Category Archives: education

Storytelling Is Not Dead: Interview Three – Matt Pearl

Here it is: the third interview of my journey into Storytelling.  Please check out my previous Storytelling posts here.  And my 365 Reviews here.

Matt Pearl went to the high school at which I teach.  We never seriously crossed paths.  He was on his way out when I was on my way in, but his art has always been all over the school, and when it was time for me to delve into tattooing up my shrine, I knew he was going to be my guy.
Matt tattoos at Timeless Tattoos on Archer and Harlem in Chicago.  It’s a cool shop with talented artists, and if you are ever in Chicago looking for a tattoo, check ’em out here.  Make an appointment though…they get busy!
A laid back dude that has done hundreds of tattoos, Matt is a perfect pick for my next interview on storytelling.  I have a small handful of tattoos now, and each tells its own story.  So I figured that Matt would have an interesting take on the idea of story; I was not wrong.  We sat for about two-hours, and as he worked, we chatted, and the following questions were sent to Matt as a result of our conversation.
Me: Most people are not artists, so when they come to you with their story, how do you work with them to achieve their vision?  How does it feel to be part of their storytelling?  Does it ever feel strange to present people with a sketch of something that is personal to them that you designed?
Matt: When it comes to achieving their vision, the best way I’ve found is for the customer to have a few ideas in their mind. Whether they’re coming in with pictures, drawings, or a favorite quote it’s much easier to start the project with just a few general ideas, and then we can finalize as we talk.  As we talk further about the piece, usually I can envision how I’d like it laid out and will jot down notes for when I actually sit down and draw it.  Sometimes everything works out, and they love the drawing, sometimes the drawing needs to be tweaked, and for others it simply doesn’t work out, and I’m not the artist for them.  Giving the artist some artistic freedom will almost always result in a much better piece.  I’d rather they leave with a tattoo that they were stoked on just as much as I was.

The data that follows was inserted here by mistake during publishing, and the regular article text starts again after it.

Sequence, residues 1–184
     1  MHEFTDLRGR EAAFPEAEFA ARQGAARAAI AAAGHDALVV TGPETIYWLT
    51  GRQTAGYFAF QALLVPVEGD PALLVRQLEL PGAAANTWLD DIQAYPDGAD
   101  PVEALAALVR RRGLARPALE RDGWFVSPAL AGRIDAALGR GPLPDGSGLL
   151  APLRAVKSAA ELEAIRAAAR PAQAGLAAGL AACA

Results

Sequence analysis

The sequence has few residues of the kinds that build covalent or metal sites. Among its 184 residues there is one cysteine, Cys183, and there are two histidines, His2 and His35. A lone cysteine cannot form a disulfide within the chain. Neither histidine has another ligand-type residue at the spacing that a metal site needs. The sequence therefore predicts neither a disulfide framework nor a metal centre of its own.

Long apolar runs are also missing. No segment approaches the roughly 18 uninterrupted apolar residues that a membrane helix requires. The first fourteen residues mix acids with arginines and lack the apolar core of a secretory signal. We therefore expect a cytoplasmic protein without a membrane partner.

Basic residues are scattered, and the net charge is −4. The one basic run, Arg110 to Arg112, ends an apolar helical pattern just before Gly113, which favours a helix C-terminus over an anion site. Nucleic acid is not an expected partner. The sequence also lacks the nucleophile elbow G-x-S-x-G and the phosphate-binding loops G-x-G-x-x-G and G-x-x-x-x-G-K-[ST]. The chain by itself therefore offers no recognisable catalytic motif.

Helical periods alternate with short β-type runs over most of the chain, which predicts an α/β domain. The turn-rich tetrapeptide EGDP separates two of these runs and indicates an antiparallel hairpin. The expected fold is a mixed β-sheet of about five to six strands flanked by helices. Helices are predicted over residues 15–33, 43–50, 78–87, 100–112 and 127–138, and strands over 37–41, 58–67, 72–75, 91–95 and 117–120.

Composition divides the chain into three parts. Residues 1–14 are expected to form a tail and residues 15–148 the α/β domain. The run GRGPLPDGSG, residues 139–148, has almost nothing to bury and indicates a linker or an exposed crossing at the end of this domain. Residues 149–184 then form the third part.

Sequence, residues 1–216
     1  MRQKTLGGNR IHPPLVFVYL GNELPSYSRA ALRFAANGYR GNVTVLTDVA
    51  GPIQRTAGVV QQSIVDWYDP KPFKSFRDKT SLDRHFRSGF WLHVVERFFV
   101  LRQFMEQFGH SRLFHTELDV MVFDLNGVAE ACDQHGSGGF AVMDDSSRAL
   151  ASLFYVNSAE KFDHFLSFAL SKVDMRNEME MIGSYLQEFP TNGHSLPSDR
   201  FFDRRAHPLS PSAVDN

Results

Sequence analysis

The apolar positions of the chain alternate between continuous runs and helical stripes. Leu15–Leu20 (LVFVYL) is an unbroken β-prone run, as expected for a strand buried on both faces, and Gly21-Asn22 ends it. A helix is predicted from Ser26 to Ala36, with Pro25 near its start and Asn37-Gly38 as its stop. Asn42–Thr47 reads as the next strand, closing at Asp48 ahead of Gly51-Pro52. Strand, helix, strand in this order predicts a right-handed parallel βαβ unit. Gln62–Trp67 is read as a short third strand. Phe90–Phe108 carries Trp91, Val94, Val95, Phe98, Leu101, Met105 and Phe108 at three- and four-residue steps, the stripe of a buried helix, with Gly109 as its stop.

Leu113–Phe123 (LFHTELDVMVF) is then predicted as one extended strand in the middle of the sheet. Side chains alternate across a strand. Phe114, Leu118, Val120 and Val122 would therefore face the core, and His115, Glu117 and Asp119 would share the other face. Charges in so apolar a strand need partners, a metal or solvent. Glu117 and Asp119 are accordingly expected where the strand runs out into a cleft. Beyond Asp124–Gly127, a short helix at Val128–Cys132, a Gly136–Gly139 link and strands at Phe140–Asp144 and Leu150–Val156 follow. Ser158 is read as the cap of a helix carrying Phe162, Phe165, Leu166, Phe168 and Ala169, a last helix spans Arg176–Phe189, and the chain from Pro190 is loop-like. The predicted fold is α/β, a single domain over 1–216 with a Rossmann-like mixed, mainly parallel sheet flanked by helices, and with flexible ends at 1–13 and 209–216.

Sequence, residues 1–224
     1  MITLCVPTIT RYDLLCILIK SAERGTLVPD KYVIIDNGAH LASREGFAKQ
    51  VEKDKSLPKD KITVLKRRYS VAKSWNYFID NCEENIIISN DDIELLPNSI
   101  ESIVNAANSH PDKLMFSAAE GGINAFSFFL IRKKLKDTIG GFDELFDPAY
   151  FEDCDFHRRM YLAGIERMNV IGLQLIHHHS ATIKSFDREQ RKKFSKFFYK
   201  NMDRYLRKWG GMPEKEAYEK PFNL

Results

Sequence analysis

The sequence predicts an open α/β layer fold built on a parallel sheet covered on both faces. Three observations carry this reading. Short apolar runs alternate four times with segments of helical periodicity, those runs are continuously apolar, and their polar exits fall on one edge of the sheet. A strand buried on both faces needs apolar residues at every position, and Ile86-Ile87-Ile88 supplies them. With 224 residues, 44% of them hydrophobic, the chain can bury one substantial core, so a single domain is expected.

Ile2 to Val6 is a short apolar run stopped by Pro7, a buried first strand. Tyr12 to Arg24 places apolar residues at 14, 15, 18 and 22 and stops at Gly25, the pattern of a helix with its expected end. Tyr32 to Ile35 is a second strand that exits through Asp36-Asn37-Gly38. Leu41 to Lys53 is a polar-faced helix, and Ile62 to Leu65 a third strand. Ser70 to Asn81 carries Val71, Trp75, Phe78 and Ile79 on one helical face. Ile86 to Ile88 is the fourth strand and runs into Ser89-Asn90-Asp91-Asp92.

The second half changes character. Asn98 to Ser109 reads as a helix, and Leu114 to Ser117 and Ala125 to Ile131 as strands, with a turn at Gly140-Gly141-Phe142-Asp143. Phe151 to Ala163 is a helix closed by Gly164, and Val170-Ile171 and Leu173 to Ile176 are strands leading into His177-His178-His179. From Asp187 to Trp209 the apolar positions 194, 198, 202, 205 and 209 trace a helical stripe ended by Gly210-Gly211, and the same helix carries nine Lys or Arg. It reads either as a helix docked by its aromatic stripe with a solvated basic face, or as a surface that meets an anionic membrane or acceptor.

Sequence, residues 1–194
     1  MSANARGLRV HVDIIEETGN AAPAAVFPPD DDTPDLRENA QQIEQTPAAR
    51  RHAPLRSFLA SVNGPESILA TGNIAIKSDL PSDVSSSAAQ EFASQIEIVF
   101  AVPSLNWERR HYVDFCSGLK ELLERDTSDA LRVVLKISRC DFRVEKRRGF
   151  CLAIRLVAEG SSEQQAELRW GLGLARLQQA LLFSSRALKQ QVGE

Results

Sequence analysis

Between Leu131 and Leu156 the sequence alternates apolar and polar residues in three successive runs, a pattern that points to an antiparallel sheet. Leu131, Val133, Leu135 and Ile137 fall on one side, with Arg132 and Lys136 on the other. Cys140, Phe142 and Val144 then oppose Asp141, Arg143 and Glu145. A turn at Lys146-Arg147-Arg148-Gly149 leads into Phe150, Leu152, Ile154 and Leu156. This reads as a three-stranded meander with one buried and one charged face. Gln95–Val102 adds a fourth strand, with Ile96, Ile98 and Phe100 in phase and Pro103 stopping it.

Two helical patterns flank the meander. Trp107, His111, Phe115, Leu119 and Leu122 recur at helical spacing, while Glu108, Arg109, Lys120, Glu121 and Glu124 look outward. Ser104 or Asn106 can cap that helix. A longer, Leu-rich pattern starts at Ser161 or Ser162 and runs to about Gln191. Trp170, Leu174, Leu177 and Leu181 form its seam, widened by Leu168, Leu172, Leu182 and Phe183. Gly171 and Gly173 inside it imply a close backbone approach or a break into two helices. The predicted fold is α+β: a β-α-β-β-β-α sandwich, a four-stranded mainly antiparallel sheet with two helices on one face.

Being able to help tell the story they had envisioned is always a great feeling.  It’s not always the easiest task, but always rewarding and certainly exhausting at times.
Me: Can you tell me one or two interesting stories that people had crafted into tattoos?  What is your most memorable?
Matt: One story will always be burned into my memory.  A younger kid walked into the shop and wanted to look through our books with our tattoos in them.  I eventually asked him, “Looking for anything specific?”  He says, “Just interested in some black and grey,” and without a hesitation he says, “I’d like to get a crucified baby wrapped in barb wire, upside-down on a cross while it wore a sheep’s head…” and without any hesitation I said, “lets do it!”  By no means am I a satanic or a dark person, but when’s the next chance I’ll get to do something insane like that?  He never did get it, but I’ve had plenty of strange tattoos that I’ve been lucky to do.  Big foot playing golf, a unicorn hula hooping a donut while puking a rainbow, several Abe Lincolns, a puffer fish as a submarine, and plenty more.
Me: When we think about permanently scripting our stories onto our bodies, what are a couple of things we should consider before sitting in that chair and going under the needle?
Matt: Loosen up and do it.  The tattoo doesn’t have to always be meaningful, but if it looks cool, and you like it…get it!  Also before committing to anything too extreme make sure you have a secure job.  No need for a face, hand, or neck tattoo when you’re 6 months out of college and working at a warehouse.  Wait.  Wait.  Wait.  Everyone should also do their research of what artist and shop they’d like to go too.  Cheaper doesn’t mean better.  Do your homework and get the piece done right.
Some great advice from Matt Pearl: do your research before jumping into a big decision.  I’d say that goes for getting a tattoo, picking a college, selecting a publisher or print shop for your book/comic, etc.  Look before you leap!
Matt is filled with all types cool stories that we do not have room for, but you know where to find him!
Thanks for time and tattoo, Matt!  Now I know why you are “Grandma Approved.”

Eric

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